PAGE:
# Creating unit test suites¶

You can create suites of unit tests through the model annotations

• aimmsunit::TestSuite

• aimmsunit::Setup

• aimmsunit::TearDown

## Creating a test suite¶

You can create a suite of unit tests by setting the annotation aimmsunit::TestSuite to the name of the test suite you want to create

• for all procedures separately that you want to be part of the test suite, or

• on a section in your model that contains all the procedures that you want to add to the test suite

## Adding setup and teardown procedures¶

By default, all procedures in a test suite will be considered as procedures that contain unit tests to be executed when testing the given test suite. By setting the additional annotations aimmsunit::Setup or aimmsunit::TearDown to the value 1 you indicate that these procedure do not contain tests, but are intended to set up the data and/or state of your model necessary for the tests in the test suite to run successfully (for aimmsunit::Setup), or to restore the model to its original state (for aimmsunit::TearDown). Any assertion evaluators in the setup and teardown procedures of a test suite will be ignored.

## Duplicating test suites¶

If you want to test a test suite for different scenarios, you can duplicate an existing test suite through the function aimmsunit::DuplicateTestSuite. This will create a new test suite with exactly the same setup, teardown and test procedures as the original test suite. When running the tests, you can use the element parameter aimmsunit::ActiveTestSuite to select the proper scenario in the setup procedure of the test suite.

## Assertion evaluators¶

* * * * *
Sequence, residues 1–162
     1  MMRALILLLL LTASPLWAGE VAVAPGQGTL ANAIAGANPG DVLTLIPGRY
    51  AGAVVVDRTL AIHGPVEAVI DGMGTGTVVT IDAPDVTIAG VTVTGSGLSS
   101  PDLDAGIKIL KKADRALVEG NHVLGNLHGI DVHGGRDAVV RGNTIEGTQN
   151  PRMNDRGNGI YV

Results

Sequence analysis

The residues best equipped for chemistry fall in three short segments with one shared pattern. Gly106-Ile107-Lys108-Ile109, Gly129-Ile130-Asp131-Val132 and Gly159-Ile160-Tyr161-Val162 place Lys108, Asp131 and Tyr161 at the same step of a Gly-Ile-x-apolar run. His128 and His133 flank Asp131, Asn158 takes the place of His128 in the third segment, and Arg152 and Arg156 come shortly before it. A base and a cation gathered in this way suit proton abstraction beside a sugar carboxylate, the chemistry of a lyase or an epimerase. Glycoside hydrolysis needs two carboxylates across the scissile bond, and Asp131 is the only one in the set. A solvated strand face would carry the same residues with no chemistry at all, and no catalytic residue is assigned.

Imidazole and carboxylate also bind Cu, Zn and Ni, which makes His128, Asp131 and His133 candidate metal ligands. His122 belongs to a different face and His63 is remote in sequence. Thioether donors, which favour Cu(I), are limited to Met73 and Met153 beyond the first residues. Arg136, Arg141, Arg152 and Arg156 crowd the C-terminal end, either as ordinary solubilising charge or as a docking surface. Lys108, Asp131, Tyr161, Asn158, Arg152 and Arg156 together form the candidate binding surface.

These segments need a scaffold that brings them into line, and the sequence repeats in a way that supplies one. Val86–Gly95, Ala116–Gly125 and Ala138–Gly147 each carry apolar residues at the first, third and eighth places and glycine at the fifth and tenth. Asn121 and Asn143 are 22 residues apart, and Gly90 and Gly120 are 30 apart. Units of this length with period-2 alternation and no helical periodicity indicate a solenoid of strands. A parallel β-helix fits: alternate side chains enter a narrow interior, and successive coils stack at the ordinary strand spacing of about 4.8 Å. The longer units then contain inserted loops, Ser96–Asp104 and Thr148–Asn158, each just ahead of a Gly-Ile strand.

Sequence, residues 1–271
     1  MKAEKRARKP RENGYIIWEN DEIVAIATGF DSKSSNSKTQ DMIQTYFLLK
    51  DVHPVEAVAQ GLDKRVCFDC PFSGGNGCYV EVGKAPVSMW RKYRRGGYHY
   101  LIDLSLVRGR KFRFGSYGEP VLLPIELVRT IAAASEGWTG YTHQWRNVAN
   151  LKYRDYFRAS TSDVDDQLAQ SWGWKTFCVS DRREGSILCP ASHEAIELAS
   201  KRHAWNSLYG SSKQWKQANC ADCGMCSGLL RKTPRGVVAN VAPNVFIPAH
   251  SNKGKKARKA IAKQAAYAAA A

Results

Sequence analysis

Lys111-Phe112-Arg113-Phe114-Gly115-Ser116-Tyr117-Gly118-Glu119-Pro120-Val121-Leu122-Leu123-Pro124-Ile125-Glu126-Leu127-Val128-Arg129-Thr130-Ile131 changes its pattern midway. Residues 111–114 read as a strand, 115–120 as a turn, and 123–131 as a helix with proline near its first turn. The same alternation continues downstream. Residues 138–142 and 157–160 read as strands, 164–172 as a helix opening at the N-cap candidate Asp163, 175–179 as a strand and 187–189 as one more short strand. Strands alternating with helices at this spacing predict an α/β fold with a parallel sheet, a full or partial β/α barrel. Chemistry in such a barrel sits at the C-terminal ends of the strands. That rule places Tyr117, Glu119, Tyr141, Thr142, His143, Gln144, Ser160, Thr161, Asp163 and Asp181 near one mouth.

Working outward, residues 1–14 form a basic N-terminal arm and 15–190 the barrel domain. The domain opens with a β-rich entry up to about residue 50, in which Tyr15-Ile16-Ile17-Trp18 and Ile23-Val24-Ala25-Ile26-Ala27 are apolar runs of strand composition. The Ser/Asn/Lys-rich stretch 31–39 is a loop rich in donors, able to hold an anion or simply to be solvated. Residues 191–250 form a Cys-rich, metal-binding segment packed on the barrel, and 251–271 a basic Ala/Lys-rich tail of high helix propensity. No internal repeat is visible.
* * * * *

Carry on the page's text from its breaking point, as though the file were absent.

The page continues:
The results of your unit tests reported back by the AIMMS Unit Test framework are completely driven by the assertion evaluators

aimmsunit::AssertTrue(desc, expression)

The function evaluates whether the given expression evaluates to true. If it evaluates to false, this will be caught by the AIMMS Unit Test framework and reported back to the user with the given description.

Arguments
• desc – description to be displayed when the assertion fails

• expression – expression to be evaluated

For example, the test

p := 1;
aimmsunit::AssertTrue("p should be equal to 1", p = 1);


will succeed, while the test

p := 2;
aimmsunit::AssertTrue("p should be equal to 1", p = 1);


will fail. The latter will then throw an exception with description "p should be equal to 1".

aimmsunit::AssertFalse(desc, expression)

The function evaluates whether the given expression evaluates to false. If it evaluates to true, this will be caught by the AIMMS Unit Test framework and reported back to the user with the given description.

Arguments
• desc – description to be displayed when the assertion fails

• expression – expression to be evaluated

aimmsunit::AssertThrow(desc)

By default, when a test procedure raises a runtime error, the test runner will catch the error and report it as a failed test. Through the aimmsunit::AssertThrow evaluator you indicate to the AIMMS Unit Test framework that the test is supposed to give rise to an AIMMS runtime error.

Arguments
• desc – description to be displayed when the function does not throw

For example, the test

aimmsunit::AssertThrow("This procedure should throw");
a := 1/0;


will succeed, because the division by zero in the assignment will cause a runtime error.

### Comparing multi-dimensional identifier data¶

A very common test you might want to use, is to compare the contents of two multi-dimensional identifiers.

aimmsunit::CompareEqual(p1, p2, eps)

This function test whether the given identifier slices are equal, where equality means:

• same dimension,

• same root domain sets,

• same value type, and

• tuple-wise value equality within the given relative tolerance

Arguments
• p1 – first identifier slice to compare

• p2 – second identifier slice to compare

• eps – relative tolerance for testing equality (optional argument, default 1.0e-14)

The following three tests will all succeed.

p1(i) := 1;
p2(i) := 1 + 9.9e-15;
aimmsunit::AssertTrue("p1 should be equal to p2 within relative tolerance", aimmsunit::CompareEqual(p1,p2));

p1(i) := 1;
p2(i) := 1 + 1.1e-14;
aimmsunit::AssertFalse("p1 should be unequal to p2 within relative tolerance", aimmsunit::CompareEqual(p1,p2));

p1(i) := 0;
p2(i) := 1e-15;
aimmsunit::AssertTrue("p1 should be equal to p2 within absolute tolerance", aimmsunit::CompareEqual(p1,p2));


Last Updated: April, 2020